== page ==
1517         after calling pcre_study(), to be sure that it has run successfully.         after calling pcre_study(), to be sure that it has run successfully.
1518    
1519         This is a typical call to pcre_study():         This is a typical call to pcre_study():
# Line 1524  STUDYING A PATTERN Line 1527  STUDYING A PATTERN
1527         Studying a pattern does two things: first, a lower bound for the length         Studying a pattern does two things: first, a lower bound for the length
1528         of subject string that is needed to match the pattern is computed. This         of subject string that is needed to match the pattern is computed. This
1529         does not mean that there are any strings of that length that match, but         does not mean that there are any strings of that length that match, but
1530         it does guarantee that no shorter strings match. The value is  used  by         it  does  guarantee that no shorter strings match. The value is used by
1531         pcre_exec()  and  pcre_dfa_exec()  to  avoid  wasting time by trying to         pcre_exec() and pcre_dfa_exec() to avoid  wasting  time  by  trying  to
1532         match strings that are shorter than the lower bound. You can  find  out         match  strings  that are shorter than the lower bound. You can find out
1533         the value in a calling program via the pcre_fullinfo() function.         the value in a calling program via the pcre_fullinfo() function.
1534    
1535         Studying a pattern is also useful for non-anchored patterns that do not         Studying a pattern is also useful for non-anchored patterns that do not
1536         have a single fixed starting character. A bitmap of  possible  starting         have  a  single fixed starting character. A bitmap of possible starting
1537         bytes  is  created. This speeds up finding a position in the subject at         bytes is created. This speeds up finding a position in the  subject  at
1538         which to start matching.         which to start matching.
1539    
1540    
1541  LOCALE SUPPORT  LOCALE SUPPORT
1542    
1543         PCRE handles caseless matching, and determines whether  characters  are         PCRE  handles  caseless matching, and determines whether characters are
1544         letters,  digits, or whatever, by reference to a set of tables, indexed         letters, digits, or whatever, by reference to a set of tables,  indexed
1545         by character value. When running in UTF-8 mode, this  applies  only  to         by  character  value.  When running in UTF-8 mode, this applies only to
1546         characters  with  codes  less than 128. Higher-valued codes never match         characters with codes less than 128. Higher-valued  codes  never  match
1547         escapes such as \w or \d, but can be tested with \p if  PCRE  is  built         escapes  such  as  \w or \d, but can be tested with \p if PCRE is built
1548         with  Unicode  character property support. The use of locales with Uni-         with Unicode character property support. The use of locales  with  Uni-
1549         code is discouraged. If you are handling characters with codes  greater         code  is discouraged. If you are handling characters with codes greater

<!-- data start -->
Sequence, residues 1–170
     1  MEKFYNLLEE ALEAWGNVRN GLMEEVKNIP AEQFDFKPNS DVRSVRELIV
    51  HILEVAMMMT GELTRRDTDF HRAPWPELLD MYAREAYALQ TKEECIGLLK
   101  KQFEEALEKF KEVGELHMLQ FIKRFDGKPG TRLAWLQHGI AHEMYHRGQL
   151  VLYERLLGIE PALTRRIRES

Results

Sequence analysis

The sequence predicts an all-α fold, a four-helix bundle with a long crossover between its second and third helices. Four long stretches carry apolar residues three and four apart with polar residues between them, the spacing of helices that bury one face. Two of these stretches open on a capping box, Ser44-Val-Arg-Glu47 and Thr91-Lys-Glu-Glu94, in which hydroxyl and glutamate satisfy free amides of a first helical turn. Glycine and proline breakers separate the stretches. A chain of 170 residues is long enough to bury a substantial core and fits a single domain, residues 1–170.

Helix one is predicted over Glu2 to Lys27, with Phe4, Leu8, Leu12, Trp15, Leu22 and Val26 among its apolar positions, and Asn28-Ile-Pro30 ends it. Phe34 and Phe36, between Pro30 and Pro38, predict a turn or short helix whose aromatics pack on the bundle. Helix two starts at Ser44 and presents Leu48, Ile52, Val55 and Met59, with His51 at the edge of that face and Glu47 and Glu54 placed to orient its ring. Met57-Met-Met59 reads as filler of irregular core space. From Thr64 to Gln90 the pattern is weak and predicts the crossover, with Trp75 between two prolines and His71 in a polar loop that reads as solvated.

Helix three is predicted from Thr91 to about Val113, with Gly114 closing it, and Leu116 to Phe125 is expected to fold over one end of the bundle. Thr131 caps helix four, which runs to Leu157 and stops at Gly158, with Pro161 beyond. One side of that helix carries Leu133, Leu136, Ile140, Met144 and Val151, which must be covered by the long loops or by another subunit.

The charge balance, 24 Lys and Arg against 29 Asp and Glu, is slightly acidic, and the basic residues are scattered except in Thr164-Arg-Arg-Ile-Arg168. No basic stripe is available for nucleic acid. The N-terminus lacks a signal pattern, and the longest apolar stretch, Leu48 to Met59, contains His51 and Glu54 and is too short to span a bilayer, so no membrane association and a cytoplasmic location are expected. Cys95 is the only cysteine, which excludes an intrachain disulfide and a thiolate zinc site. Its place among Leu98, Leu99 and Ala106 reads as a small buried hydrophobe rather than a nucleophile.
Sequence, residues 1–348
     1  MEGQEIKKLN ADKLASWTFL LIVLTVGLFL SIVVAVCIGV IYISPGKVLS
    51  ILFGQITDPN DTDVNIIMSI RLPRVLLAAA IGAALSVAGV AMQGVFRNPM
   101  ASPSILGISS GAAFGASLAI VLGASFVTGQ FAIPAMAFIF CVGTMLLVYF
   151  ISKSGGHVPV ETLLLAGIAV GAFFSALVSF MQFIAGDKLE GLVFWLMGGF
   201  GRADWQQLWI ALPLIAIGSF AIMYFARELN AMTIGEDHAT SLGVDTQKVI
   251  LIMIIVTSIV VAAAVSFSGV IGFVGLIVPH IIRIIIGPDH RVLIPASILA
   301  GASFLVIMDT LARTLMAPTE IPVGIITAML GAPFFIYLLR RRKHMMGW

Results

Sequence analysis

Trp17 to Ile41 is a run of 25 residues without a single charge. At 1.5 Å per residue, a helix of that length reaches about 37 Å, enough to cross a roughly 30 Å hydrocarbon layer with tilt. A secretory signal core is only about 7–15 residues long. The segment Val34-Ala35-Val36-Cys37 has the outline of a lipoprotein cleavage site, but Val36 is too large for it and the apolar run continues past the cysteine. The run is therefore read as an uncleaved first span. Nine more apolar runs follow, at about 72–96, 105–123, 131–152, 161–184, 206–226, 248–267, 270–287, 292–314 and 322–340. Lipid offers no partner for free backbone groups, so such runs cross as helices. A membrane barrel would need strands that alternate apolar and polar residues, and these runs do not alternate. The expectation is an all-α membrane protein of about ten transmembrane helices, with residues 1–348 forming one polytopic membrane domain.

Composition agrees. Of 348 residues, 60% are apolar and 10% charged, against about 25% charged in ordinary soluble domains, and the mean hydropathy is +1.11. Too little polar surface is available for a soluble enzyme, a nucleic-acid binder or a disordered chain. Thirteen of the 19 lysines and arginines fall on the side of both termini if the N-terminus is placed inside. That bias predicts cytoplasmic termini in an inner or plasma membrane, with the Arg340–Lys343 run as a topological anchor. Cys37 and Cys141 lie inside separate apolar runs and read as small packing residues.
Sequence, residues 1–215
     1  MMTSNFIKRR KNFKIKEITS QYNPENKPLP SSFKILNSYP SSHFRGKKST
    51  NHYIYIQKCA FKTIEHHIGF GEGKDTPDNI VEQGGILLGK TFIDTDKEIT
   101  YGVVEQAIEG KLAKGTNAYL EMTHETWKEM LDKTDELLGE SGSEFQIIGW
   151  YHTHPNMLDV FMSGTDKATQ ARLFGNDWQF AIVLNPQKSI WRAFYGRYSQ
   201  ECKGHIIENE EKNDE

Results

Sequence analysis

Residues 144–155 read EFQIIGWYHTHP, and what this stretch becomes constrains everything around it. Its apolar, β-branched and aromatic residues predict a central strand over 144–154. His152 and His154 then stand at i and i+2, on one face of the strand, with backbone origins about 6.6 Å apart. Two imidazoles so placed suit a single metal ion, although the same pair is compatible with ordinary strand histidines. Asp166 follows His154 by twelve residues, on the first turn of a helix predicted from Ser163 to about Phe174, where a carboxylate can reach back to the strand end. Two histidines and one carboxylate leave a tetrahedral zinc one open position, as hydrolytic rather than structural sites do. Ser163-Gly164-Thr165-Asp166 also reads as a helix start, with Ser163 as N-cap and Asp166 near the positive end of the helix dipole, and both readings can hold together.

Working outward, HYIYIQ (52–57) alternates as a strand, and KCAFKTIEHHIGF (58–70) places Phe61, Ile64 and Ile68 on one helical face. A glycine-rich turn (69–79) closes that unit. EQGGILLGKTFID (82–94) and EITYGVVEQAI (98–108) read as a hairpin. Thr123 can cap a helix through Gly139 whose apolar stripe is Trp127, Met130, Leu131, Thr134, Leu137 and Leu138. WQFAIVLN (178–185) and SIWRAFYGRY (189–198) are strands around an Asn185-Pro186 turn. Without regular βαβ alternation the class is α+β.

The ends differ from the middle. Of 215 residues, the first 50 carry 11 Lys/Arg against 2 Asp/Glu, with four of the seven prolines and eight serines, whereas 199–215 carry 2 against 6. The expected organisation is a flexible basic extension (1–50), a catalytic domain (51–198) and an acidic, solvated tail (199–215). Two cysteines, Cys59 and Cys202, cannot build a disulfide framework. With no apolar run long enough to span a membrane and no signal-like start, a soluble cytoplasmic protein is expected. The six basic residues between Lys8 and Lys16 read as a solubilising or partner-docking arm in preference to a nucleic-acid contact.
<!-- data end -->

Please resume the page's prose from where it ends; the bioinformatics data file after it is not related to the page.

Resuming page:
1550         than  128, you should either use UTF-8 and Unicode, or use locales, but         than 128, you should either use UTF-8 and Unicode, or use locales,  but
1551         not try to mix the two.         not try to mix the two.
1552    
1553         PCRE contains an internal set of tables that are used  when  the  final         PCRE  contains  an  internal set of tables that are used when the final
1554         argument  of  pcre_compile()  is  NULL.  These  are sufficient for many         argument of pcre_compile() is  NULL.  These  are  sufficient  for  many
1555         applications.  Normally, the internal tables recognize only ASCII char-         applications.  Normally, the internal tables recognize only ASCII char-
1556         acters. However, when PCRE is built, it is possible to cause the inter-         acters. However, when PCRE is built, it is possible to cause the inter-
1557         nal tables to be rebuilt in the default "C" locale of the local system,         nal tables to be rebuilt in the default "C" locale of the local system,
1558         which may cause them to be different.         which may cause them to be different.
1559    
1560         The  internal tables can always be overridden by tables supplied by the         The internal tables can always be overridden by tables supplied by  the
1561         application that calls PCRE. These may be created in a different locale         application that calls PCRE. These may be created in a different locale
1562         from  the  default.  As more and more applications change to using Uni-         from the default. As more and more applications change  to  using  Uni-
1563         code, the need for this locale support is expected to die away.         code, the need for this locale support is expected to die away.
1564    
1565         External tables are built by calling  the  pcre_maketables()  function,         External  tables  are  built by calling the pcre_maketables() function,
1566         which  has no arguments, in the relevant locale. The result can then be         which has no arguments, in the relevant locale. The result can then  be
1567         passed to pcre_compile() or pcre_exec()  as  often  as  necessary.  For         passed  to  pcre_compile()  or  pcre_exec()  as often as necessary. For